Amateur radio operators share thrill of on-air communication
PRESQUE ISLE, Maine — Sonny Packard of Mapleton listened intently as friend and fellow HAM radio operator Tammy Deschene of Presque Isle gained contact with another operator in Long Island, New York, on the afternoon of Saturday, June 23.
“KIFS, Foxtrot, Sierra,” Deschene said loudly into the portable two-way radio, stating the call signal for the Aroostook Amateur Radio Association.
The AARA spent 24 hours — from 2 p.m. on Saturday to 2 p.m. on Sunday — participating in the nationwide Amateur Radio Field Day at the Northern Maine Fairgrounds in Presque Isle. Participants, all of whom are club members and operators, kept detailed records of who they contacted and when in an attempt to win the contest for most radio contacts.
There were no monetary prizes, but the real reward for members like Packard is being able to communicate with fellow radio enthusiasts all over the country and the world.
“I’ve talked to people in just about every country there is,” Packard said, while taking a break from the radio control center. He has been a member of AARA since the club began in 1976, but has been involved with amateur radio much longer.
“Sixty years ago I had a friend who was a HAM operator, and he got me into all this,” he said.
People who become licensed radio operators also commit to serving communities through Aroostook Radio Emergency Services and the Radio Amateur Emergency Services, a protocol created by the Federal Communications Commission. Currently 24 operators from Aroostook County are part of the ARES team, which can communicate with police officers, firefighters, hospitals and emergency medical technicians in the event of a major emergency.
Amateur radio operators become even more crucial during emergencies in which power lines are knocked down and cell phone usage becomes impossible, such as last year’s deadly hurricanes in Puerto Rico, according to local ARES team coordinator and AARA member Roy Woods.
“We have HAM radio systems in all four hospitals in Aroostook County and in the nursing homes. If a big disaster were to happen we could communicate with all the hospitals at the same time and determine how many patients they can handle,” said Woods, of Caribou.
“We can also contact Eastern Maine Medical Center and arrange for a chopper or an Angel Flights plane to fly up here. Every month we have volunteers test the HAM systems for the emergency rooms,” he added.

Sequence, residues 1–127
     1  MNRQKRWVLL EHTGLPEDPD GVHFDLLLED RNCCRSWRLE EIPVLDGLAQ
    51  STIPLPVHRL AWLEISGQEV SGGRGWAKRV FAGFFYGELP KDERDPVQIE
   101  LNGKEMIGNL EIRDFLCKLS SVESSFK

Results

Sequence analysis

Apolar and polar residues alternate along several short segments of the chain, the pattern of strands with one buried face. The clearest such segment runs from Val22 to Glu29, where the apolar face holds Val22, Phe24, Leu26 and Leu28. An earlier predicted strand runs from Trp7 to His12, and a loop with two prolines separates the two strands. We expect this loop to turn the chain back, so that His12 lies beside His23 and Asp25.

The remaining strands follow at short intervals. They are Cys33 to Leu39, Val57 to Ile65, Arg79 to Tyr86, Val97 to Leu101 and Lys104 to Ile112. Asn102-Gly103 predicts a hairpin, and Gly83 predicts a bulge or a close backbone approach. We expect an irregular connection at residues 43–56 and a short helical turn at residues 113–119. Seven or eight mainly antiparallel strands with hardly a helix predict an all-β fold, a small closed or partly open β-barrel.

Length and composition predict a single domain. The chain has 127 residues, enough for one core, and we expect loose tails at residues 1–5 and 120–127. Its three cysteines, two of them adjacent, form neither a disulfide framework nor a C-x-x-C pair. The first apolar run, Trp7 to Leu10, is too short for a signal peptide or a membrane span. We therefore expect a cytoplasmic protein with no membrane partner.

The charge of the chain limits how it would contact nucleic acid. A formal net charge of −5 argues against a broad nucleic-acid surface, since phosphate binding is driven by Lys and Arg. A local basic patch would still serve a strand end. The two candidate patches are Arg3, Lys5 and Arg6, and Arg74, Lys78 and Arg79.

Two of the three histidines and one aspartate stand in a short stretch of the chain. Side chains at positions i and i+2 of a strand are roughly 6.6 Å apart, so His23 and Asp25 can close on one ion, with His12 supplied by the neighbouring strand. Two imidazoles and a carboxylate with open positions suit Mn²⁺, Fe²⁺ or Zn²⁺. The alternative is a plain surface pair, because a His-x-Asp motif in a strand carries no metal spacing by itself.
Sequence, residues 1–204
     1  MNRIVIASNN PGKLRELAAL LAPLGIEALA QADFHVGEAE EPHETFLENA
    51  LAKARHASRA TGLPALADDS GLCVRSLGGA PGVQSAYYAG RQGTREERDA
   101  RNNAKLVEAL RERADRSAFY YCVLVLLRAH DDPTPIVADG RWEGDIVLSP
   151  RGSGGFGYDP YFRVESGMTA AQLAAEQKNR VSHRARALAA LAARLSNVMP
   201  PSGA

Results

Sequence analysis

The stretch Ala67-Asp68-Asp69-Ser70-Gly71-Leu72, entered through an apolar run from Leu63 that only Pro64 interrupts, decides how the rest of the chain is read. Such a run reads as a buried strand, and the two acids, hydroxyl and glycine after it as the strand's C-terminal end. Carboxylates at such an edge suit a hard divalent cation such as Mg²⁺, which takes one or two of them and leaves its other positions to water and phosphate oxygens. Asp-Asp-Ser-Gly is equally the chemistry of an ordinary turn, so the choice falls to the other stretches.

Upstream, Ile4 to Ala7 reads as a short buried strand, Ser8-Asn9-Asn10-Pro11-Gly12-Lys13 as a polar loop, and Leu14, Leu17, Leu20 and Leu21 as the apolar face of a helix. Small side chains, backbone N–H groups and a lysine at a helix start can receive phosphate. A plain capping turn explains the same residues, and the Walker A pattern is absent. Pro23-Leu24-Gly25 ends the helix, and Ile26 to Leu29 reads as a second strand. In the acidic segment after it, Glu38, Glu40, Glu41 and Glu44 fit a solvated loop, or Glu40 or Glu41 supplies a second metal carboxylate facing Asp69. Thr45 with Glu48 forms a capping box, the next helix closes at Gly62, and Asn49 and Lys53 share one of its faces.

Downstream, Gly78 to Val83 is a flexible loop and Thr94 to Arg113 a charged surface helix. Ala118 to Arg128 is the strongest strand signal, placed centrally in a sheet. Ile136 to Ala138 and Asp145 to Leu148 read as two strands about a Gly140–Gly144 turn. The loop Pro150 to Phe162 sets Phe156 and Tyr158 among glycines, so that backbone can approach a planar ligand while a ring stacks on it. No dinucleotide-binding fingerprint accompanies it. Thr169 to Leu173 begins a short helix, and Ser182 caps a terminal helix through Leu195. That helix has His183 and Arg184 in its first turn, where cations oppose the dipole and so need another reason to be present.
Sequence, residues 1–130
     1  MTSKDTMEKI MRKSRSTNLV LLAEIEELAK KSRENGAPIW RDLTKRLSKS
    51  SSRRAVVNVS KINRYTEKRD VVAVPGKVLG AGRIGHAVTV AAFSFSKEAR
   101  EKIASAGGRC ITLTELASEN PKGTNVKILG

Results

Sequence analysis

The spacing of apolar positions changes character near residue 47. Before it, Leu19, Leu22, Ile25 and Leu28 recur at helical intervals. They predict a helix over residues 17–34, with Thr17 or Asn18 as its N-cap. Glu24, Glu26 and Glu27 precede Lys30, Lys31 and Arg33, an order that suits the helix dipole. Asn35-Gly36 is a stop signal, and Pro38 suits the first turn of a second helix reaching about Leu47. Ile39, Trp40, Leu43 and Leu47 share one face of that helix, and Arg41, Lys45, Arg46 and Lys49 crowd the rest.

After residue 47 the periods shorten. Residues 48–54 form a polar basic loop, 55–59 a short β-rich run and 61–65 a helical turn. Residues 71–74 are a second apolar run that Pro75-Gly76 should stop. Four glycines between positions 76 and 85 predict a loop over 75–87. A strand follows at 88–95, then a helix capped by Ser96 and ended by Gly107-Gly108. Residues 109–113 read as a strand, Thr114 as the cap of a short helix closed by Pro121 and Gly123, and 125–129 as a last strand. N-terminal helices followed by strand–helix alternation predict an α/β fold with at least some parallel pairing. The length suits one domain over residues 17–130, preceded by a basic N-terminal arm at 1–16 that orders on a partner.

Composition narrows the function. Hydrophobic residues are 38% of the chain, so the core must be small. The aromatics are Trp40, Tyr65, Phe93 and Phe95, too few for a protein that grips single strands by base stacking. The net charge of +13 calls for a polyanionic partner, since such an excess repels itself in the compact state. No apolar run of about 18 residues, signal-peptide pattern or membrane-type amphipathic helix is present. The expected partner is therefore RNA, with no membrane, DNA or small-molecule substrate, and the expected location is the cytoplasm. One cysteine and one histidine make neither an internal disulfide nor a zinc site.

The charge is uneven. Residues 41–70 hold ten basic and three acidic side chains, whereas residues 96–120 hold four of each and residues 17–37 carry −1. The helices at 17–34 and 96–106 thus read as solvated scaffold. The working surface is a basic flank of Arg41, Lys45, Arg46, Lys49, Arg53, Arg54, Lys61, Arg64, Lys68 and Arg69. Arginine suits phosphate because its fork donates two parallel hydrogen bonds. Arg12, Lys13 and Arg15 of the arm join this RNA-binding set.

Woods has been a member of AARA for six years, but many of its 53 members have been with the club since it started. Between AARA and the St. John Valley Amateur Radio Association, hundreds of HAMs operate in Aroostook County, many of whom have radio systems set up at their homes to communicate with their long-distance friends.
At Saturday’s field day, operators set up radio equipment in several locations on the fairgrounds, including in trailers and underneath canopy tents. AARA President and ARES member Ivan Shapiro set up his battery-operated radio on an old woodworking table, with a tall portable antenna standing nearby. He explained that HAM radios have several bands that start at 10 meters of frequency and go up to 80 meters.
“Right now I can hear someone on 40 meters, but they can’t hear me,” he said, after trying unsuccessfully to talk to radio operators in Pennsylvania and New York. He then explained that operators at the field day would have varied luck in their signals depending on their location.
Shapiro, who lives in Fort Fairfield, is a retired cardiovascular surgeon who has been a member of AARA for nine years and president for around seven years. He first gained an interest in HAM radio as a teen but never became a licensed operator until after his retirement. At home he now has an 85-foot tower and antenna, power supplies, radios and computers.
He can even hook up his radio to a computer and use a software called EchoLink to communicate via streaming audio technology, all without the aid of a modern cell phone. He calls the service “HAM radio texting.”
“It’s a wonderful hobby and community service and I regret not getting licensed when I was younger,” Shapiro said. “I’ve made friends with people in Asia, Europe, Africa, New Zealand and Australia. I love giving my call sign and hearing someone say, ‘Hello, Ivan. I haven’t talked to you in three months. How are you?’”
AARA members meet on the first Thursday of each month at 6 p.m. at the Mark and Emily Turner Memorial Library in Presque Isle and those who are interested in learning more about amateur radio licensing can contact Shapiro at email@example.com.